Archive for Charlie Chaplin

The Sunday Intertitle: Jazz Lizard Harold

Posted in FILM with tags , , , , , , , on April 9, 2017 by dcairns

TWO-GUN GUSSIE (1918) is an early, inferior Harold Lloyd short with a western setting — something Harold returned to fairly often. A pointless opening scene establishes Harold playing piano back east — I suspect deleted footage might have made more sense of this. But we do see Harold “shooting” the keys with his index finger (he still had all his fingers at this point), a la Chico Marx. The Marxes were already a big noise in vaudeville, so it’s quite possible this is a direct swipe.

The best jokes in this silent are verbal, from the insane word soup of this intertitle, to the signs behind the bar saying things like “No drink sold stronger than liquid fire” and “If you ask for credit you will get it in the neck.”

But when the hulking bad guy (William Blaisdell) wants to demonstrate his strength, he does so by plucking the legs off a chair. Now, how much strength that takes depends on how securely the legs are attached, so the gesture means nothing, and certainly lacks the hyperbolic terror of Eric Campbell bending a street light just to show Chaplin how strong he is in EASY STREET. Western saloon furniture is notoriously flimsy, but having Blaisdell maybe break the legs in half might have worked better. But he’s just torn Harold’s shooting iron to pieces, so it’s all kind of an anticlimax…

Bebe Daniels (top) also appears, but has little to do (more evidence of missing scenes). Pretty soon, Lloyd’s films would show more structure and better gags, and give Daniels slightly better roles, but they never exploited her comic potential to its full extent. She would have to wait for her own star vehicles…

 

The Judex Files: The Look

Posted in FILM with tags , , , on October 15, 2016 by dcairns

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Episode 2 of Louis Feuillade’s JUDEX introduces the Liquorice Kid (La Môme Reglisse), screen left, and we wonder how we ever got by without him.

The Liquorice Kid is one of nature’s aristocrats. A streetwise urchin on the side of good, he walks into the story, wedges himself there, and refuses to budge. There are perhaps elements of Chaplin to this minute hobo, but he’s also a sterling example of the deus ex machina device at its most charming. René Poyen, child star of Feuillade’s BOUT-DE-ZAN series of comic shorts, is an engaging little fellow. Like many of the characters in this serial which keeps a toe in theatre, he can turn to his chums in the audience and display what he’s thinking with facial expressions, gestures, or even silent utterances. But the Kid does this more often than the other characters — just like Chaplin, he enjoys a special relationship with his fans. We know he knows we’re watching, but the other characters are less aware that they’re in a movie. Even Judex doesn’t have the Kid’s cinematic awareness.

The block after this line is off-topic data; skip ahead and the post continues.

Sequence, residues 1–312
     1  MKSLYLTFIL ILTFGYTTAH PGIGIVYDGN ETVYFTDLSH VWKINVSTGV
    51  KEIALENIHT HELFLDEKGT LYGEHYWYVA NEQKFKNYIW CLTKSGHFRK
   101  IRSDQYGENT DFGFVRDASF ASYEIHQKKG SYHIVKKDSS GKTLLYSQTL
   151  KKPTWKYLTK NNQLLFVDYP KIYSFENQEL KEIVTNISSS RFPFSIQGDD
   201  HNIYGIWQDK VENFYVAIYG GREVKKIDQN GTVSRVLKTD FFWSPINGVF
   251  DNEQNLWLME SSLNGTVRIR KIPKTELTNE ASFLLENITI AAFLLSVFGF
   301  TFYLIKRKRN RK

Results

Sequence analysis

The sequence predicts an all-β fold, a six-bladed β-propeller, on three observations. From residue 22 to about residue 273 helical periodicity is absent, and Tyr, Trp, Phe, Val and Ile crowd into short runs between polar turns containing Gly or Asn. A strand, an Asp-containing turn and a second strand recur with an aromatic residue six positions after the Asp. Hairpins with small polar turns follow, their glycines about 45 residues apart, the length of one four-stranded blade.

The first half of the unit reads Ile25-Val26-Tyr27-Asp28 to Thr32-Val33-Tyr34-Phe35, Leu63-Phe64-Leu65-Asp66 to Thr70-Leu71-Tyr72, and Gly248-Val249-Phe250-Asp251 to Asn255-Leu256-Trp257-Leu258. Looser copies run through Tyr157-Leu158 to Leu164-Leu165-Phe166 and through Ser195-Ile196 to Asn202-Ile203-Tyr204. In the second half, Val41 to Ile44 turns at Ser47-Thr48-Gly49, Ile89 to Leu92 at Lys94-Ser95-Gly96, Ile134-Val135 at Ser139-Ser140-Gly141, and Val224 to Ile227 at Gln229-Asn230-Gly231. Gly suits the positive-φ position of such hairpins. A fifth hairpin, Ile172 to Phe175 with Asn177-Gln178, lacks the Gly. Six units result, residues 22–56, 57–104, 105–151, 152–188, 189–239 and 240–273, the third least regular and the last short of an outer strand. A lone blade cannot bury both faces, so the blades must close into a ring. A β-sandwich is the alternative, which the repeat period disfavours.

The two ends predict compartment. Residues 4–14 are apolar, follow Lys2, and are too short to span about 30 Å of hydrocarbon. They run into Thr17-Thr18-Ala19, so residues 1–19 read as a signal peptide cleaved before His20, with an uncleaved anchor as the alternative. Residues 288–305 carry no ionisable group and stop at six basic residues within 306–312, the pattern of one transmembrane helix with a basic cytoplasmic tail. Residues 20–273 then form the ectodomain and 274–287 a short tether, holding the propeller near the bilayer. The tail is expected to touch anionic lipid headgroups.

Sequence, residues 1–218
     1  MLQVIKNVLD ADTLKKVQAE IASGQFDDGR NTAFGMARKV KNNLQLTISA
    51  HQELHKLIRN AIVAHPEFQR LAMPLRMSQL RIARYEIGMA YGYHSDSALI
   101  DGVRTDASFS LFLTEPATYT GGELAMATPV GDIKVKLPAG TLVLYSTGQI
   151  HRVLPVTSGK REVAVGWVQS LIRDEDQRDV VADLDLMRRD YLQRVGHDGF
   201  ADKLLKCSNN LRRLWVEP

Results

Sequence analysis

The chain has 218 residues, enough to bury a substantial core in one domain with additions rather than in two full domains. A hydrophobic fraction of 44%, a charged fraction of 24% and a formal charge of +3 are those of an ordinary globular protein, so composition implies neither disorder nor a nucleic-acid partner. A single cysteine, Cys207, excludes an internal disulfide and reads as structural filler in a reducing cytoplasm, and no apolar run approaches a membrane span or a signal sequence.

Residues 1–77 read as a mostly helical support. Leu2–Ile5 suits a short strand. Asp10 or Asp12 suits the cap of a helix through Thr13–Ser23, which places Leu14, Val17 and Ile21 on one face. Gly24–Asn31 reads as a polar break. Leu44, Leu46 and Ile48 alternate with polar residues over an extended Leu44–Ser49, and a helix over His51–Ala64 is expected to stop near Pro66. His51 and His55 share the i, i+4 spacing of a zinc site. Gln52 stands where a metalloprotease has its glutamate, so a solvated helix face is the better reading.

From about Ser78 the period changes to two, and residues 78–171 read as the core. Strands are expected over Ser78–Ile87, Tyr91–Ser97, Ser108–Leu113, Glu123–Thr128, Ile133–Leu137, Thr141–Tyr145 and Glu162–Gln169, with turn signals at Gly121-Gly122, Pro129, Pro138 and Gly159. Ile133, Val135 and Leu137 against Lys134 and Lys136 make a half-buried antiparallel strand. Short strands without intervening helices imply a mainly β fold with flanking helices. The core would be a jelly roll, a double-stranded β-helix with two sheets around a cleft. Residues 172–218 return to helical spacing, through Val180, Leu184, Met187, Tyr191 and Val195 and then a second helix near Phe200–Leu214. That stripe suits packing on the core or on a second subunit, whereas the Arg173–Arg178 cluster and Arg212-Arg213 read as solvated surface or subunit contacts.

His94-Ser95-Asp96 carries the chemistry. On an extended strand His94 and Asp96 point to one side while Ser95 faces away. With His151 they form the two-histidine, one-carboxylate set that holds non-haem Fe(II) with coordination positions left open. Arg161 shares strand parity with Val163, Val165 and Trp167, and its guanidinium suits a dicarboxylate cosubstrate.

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You might think constant knowledge that one is being observed by either a camera, or an audience of people ranging in period from 1916-2016 and possibly beyond, depending on how you imagine the Kid’s experience, might be distracting, might put one at a disadvantage. But the Kid is far from put off: basking in our admiration, he enjoys miraculous levels of self-confidence.

The Sunday Intertitle: Boy Meets Girl

Posted in FILM with tags , , , , , , , , , , , on August 7, 2016 by dcairns

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I had started feeling like I was neglecting Harold Lloyd a bit — you know, that feeling you get when you’ve been neglecting Harold Lloyd a bit — so I watched two shorts from 1919, BUMPING INTO BROADWAY and BILLY BLAZES ESQ. Both films co-star Bebe Daniels, whose comic gifts are somewhat underexploited, and Snub Pollard is a second, backup banana. The latter is a western parody with some great things in it, notably super–cowboy Harold’s way of rolling a cigarette: paper placed flat in hand, tobacco poured wantonly over it, whole lot crunched up in fist and furiously smushed about — palm opens, revealing one perfectly rolled ciggie.

But BUMPING INTO BROADWAY has the best intertitles so I thought I’d just reproduce a bunch here. Not only are they reasonably witty, every one of them has a bit of cute artwork.

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Some very funny stuff in this one, too, though it’s pretty brash and violent by Lloyd’s standards. The Harold of a few years later probably wouldn’t have clobbered so many policemen for so little reason. The best bit of violence is Noah Young, a popular thug player of the day, beating up a defaulting boarder (Mark Jones). This demonstration of savagery is a plot point to show Harold the terrible fate awaiting him if he doesn’t pay the rent, and this idea is borrowed from Chaplin’s THE IMMIGRANT, where Eric Campbell mangled a restaurant customer who couldn’t pay for his meal, as the hero watched in alarm. But the Young/Jones fight is even more impressive and startlingly acrobatic: the massive Young (Buster Keaton’s rival in ONE WEEK) had been a circus weightlifter, which explains why he has a neck with the circumference of Delaware, while Jones was a Lloyd/Hal Roach regular, often playing drunks.

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Good work! And Harold’s mortified expression in the background really ices that comedy cake of inhuman brutality.